Review: The Pit and the Pendulum / Cert: 18 / Director: Stuart Gordon / Screenplay: Dennis Paoli / Starring: Lance Henriksen, Jeffrey Combs, Rona De Ricci, Jonathan Fuller, Mark Margolis / Release Date: Out Now
"What a day, what a day for an auto-de-fé!" to quote Leonard Bernstein. Based on the famous tale by Edgar Allan Poe, The Pit and the Pendulum is set in 15th century Toledo during the time of the Spanish Inquisition (based on an idea by mad monk Torquemada, here played by Lance Henriksen in a tufty latex bald-cap). In what has to count as one of the worst money-making schemes in history, humble baker Antonio (Fuller) comes up with the notion of selling bread to the crowds gathering for the public executions. But things go horribly wrong when his pretty young wife Maria (De Ricci) intercedes to stop a small boy from being flogged. She's seized and brought before Torquemada, who falls in lust, then accuses her of having cast a spell over him and has her hauled off to be tried as a witch. And, just put to the seal on a real bummer of a day, all of Antonio's loaves get trampled underfoot in the mayhem…
A modern film adaptation of the same premise would give you desaturated visuals and have the cast up to their knees in horse manure. This version, made in 1991, is brightly hued and everyone speaks with American accents, but it achieves its own kind of authenticity. The tone is set with a great opening scene wherein a dead nobleman is dragged from his tomb and posthumously found guilty of heresy. Torquemada rants at the withered cadaver, then sentences it to twenty lashes, a punishment that reduces it to a rubble of disarticulated bones. It's a convincing depiction of the lunacy of a dreadful epoch.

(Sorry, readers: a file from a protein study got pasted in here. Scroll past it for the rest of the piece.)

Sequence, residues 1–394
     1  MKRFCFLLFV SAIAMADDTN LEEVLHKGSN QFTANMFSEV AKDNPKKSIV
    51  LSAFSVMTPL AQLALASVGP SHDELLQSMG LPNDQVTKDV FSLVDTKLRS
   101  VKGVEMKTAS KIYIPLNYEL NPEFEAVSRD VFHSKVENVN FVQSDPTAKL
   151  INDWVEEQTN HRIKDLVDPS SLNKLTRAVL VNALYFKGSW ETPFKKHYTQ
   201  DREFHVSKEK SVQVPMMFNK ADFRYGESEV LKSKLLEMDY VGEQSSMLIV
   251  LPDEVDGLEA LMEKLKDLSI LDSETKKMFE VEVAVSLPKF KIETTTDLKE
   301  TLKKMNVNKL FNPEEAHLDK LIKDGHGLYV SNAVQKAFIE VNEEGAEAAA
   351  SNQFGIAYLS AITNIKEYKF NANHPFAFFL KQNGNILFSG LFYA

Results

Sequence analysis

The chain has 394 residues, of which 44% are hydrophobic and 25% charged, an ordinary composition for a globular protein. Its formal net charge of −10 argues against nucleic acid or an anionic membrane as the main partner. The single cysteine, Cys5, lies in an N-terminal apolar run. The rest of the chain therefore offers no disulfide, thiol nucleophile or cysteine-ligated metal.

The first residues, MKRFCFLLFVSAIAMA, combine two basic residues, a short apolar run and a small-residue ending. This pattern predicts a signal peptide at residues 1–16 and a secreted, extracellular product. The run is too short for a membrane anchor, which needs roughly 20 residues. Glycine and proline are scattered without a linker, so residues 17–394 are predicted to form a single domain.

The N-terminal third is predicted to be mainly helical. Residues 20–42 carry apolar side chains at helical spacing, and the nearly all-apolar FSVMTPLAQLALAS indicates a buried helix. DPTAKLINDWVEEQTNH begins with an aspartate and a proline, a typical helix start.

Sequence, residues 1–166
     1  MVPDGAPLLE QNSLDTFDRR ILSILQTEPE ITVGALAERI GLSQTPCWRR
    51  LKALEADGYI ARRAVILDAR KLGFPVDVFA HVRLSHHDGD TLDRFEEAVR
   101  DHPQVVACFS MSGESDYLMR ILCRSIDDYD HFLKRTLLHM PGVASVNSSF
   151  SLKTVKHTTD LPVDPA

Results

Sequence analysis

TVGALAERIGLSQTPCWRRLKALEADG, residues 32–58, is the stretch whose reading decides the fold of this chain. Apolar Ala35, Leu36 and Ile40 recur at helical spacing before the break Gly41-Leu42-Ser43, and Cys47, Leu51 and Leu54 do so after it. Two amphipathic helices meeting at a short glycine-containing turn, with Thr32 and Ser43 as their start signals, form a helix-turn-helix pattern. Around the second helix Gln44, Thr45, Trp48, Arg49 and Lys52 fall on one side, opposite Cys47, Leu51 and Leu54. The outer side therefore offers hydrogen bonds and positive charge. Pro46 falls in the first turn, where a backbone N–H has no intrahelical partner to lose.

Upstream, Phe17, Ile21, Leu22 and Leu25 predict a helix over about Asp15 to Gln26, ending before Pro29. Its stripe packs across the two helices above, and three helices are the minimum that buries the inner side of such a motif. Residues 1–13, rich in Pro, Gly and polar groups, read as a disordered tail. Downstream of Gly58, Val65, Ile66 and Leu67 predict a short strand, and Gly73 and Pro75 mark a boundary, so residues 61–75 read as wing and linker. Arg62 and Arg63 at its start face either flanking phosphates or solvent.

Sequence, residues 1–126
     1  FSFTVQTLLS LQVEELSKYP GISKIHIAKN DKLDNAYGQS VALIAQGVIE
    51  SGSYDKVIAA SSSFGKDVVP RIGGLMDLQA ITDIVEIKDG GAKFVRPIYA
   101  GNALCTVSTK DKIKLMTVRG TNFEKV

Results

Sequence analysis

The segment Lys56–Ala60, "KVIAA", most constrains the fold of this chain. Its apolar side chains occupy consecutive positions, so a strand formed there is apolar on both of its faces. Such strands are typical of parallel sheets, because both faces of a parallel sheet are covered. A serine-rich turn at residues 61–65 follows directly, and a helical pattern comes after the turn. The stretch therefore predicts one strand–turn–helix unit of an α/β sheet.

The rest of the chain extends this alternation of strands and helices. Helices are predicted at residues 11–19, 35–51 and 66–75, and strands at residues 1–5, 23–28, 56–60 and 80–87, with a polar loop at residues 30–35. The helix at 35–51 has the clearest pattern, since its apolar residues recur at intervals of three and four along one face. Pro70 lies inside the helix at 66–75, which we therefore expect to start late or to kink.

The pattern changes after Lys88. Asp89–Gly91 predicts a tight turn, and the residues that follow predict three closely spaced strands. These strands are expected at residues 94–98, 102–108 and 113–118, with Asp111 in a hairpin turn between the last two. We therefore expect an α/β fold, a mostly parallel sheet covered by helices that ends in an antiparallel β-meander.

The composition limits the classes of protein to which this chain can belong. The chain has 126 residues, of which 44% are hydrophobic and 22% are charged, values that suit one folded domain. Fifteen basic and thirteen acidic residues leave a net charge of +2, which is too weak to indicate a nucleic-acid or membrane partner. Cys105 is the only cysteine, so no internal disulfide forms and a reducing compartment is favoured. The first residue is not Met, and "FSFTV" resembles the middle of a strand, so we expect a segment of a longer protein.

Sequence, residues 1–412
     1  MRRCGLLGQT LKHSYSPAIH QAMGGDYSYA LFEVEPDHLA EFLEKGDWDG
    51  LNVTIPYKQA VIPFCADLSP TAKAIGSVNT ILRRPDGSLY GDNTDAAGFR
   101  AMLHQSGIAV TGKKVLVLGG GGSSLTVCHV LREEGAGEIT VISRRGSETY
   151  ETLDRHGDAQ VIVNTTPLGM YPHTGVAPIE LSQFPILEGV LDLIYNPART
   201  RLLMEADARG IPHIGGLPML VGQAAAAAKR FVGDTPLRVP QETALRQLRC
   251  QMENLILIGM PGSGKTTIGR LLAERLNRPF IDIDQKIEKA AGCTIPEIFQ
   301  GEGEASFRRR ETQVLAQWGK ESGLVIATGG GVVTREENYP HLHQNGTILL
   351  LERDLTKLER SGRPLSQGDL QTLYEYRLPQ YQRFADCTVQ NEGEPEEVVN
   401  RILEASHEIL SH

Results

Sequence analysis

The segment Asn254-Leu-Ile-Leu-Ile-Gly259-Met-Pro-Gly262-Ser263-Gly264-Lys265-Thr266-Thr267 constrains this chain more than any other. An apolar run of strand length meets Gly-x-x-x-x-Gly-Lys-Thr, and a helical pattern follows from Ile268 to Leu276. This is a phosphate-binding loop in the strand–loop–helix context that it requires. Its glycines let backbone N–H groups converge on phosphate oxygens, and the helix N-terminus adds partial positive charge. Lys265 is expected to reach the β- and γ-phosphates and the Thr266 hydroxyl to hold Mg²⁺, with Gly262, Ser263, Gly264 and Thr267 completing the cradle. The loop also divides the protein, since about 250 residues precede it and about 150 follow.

The screenplay by Dennis Paoli bursts with highly imaginative touches. Sentenced to burn at the stake for witchcraft, an old woman gobbles gunpowder in hopes it will shorten her agony and create a nasty surprise for the onlookers. Torquemada's chief thug Mendoza (Margolis) has stigmata on his hands where he was once crucified, and Torquemada plunges his fingers into the holes when he wants to make a point. Director Stuart Gordon drives the film along with unfussy skill, blending black comedy, melodrama, gory horror and rollicking adventure into a satisfying whole.
Starburst reviewed this movie, one of the jewels in Full Moon Features' crown, last year when it was re-released on DVD. Now it's finally made its way onto Blu-ray, and the upgrade confirms what a well-crafted piece of work it is. Hi-def brings out the fine grain and depth of field of the late Mac Ahlberg's EC Comics-inspired cinematography, and the genuinely luminous quality of De Ricci's performance as the much-abused Maria. The extras are the same as before with the addition of an interview with Gordon in which he tells amusing anecdotes about, among others, Oliver Reed (so drunk he couldn't stand up all weekend, sober as a deacon first thing on Monday).
Extras: Interview with Stuart Gordon / Videozone / Original Trailer